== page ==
In the past few days, several readers have pointed me toward a recent Gizmodo post about a monocycle replica from 1873. The replica, which was handmade by a man in Spain, features a 6.16 foot diameter wheel. The workmanship is very impressive and the machine itself looks like it would be a lot of fun to ride. Be sure to check out the eBay auction for another picture. The auction has ended at this point with out anyone responding to the $13,000 opening bid. Yeah, that is a lot of money, but some modern production bikes cost half that amount and this is a one of a kind creation. You certainly wouldn’t have to worry about seeing another bike just like it on your local group ride
Just over 6 feet is a large wheel diameter, but it isn’t the largest that I have seen this week. David at the About.com Bicycling page posted about the Hyperbike (pictured here), which features two 8-foot wheels that are angled in at the top like a racing wheelchair. The machine’s designer, Curtis DeForest, was inspired in part by competition wheelchairs, which are very fast with a low center of gravity. One of the design goals was to make the machine as fast as a car on flat ground. The website explains:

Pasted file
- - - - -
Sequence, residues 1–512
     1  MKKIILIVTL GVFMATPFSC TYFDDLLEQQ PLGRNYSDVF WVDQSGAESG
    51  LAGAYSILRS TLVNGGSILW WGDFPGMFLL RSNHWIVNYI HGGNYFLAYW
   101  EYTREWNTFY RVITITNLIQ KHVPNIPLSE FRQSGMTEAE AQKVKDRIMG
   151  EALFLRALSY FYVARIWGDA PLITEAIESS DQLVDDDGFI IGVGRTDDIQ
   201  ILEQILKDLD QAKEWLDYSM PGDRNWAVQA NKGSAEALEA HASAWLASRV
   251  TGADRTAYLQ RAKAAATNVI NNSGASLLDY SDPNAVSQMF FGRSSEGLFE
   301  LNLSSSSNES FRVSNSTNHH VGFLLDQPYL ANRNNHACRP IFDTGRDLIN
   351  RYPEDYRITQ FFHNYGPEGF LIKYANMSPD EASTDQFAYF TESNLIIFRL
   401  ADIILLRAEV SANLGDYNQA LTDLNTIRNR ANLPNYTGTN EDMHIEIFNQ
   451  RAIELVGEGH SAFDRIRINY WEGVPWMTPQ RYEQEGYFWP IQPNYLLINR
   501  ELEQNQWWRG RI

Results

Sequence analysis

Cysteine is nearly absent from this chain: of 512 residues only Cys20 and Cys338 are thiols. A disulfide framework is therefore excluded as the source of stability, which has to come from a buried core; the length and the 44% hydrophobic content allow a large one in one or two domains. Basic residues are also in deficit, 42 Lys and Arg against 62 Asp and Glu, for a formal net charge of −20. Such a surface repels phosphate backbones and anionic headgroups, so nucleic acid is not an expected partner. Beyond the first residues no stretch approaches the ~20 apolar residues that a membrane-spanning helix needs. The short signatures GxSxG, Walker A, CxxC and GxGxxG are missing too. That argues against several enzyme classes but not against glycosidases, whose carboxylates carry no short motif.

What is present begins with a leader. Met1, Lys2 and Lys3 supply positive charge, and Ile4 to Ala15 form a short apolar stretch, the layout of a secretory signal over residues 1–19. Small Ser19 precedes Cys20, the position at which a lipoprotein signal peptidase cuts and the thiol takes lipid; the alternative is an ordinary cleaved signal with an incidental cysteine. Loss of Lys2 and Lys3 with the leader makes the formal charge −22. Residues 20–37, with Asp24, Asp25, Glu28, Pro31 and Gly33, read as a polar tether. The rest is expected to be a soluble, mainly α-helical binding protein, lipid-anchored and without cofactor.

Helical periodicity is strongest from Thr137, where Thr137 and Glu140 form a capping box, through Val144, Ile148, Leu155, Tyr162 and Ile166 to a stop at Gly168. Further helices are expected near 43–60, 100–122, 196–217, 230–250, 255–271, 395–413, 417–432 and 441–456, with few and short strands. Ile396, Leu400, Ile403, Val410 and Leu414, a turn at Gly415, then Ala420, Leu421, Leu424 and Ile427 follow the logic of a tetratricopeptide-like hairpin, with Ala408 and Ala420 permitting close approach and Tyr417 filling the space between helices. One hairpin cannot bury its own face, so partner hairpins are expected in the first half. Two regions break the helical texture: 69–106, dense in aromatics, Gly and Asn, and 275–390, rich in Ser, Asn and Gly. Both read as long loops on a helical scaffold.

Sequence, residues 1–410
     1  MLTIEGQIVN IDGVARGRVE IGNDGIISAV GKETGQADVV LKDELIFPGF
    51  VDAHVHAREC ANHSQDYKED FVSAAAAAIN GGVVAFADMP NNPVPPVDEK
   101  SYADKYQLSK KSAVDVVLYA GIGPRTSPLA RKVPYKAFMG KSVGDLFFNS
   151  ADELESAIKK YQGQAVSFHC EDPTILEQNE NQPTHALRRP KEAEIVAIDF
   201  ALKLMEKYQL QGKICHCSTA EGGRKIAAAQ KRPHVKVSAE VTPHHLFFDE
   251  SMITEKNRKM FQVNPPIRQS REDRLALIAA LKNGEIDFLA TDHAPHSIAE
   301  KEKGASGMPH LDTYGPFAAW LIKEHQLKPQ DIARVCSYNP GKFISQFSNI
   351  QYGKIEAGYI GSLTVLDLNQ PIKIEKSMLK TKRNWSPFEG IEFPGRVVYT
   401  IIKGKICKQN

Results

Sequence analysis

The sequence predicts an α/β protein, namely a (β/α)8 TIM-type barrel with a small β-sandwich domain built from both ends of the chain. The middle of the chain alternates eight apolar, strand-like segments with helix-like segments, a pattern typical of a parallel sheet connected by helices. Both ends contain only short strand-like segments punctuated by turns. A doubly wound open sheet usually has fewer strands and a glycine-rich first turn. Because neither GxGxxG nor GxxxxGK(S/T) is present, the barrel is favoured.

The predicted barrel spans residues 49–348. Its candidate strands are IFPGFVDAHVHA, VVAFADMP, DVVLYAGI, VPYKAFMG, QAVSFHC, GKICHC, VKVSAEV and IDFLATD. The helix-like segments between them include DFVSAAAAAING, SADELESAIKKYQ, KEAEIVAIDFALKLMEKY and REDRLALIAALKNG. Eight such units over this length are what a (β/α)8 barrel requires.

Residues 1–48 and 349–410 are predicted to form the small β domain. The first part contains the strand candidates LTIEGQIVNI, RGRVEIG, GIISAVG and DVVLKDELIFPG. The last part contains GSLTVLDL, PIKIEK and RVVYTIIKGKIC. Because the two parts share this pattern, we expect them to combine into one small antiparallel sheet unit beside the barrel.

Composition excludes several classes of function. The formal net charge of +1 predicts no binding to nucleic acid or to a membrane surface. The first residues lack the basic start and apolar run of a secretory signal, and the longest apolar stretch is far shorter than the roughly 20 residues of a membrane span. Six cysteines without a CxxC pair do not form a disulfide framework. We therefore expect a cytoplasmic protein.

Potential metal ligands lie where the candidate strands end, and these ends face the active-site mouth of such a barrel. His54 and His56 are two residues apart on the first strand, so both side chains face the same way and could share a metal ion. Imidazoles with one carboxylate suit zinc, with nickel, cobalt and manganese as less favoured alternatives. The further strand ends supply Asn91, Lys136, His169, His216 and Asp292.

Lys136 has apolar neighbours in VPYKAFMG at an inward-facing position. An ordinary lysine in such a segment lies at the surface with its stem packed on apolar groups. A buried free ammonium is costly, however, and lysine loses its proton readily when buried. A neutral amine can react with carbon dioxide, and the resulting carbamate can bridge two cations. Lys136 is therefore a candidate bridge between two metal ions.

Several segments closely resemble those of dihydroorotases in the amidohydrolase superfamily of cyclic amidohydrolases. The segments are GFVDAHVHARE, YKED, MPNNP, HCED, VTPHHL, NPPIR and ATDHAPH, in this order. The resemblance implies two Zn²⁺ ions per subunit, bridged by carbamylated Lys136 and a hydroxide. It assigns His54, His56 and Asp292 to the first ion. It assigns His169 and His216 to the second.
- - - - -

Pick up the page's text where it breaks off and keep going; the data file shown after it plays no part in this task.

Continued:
“The circumference of an eight foot diameter wheel is roughly twenty-five feet and cadence, or the rate at which a person pedals, is most comfortable at a rate of 13 beats every 15 seconds. Gearing that allows an operator to rotate the wheels four times each pedal cycle, or at a 1:4 ratio while at the comfortable cadence rate will produce a speed upwards of 50mph.”
Certainly this design is very different from the majority of the bikes that you see on this site, but I think it is quite interesting. I encourage you to read the articles on the website, especially this one from the East Hampton Star. It sounds like this machine/trike would require a bit of practice to ride comfortably, but I would absolutely love to give it a try. Now that NASA is contributing some engineering expertise to the project, I am anxious to see Mr DeForest’s next prototype.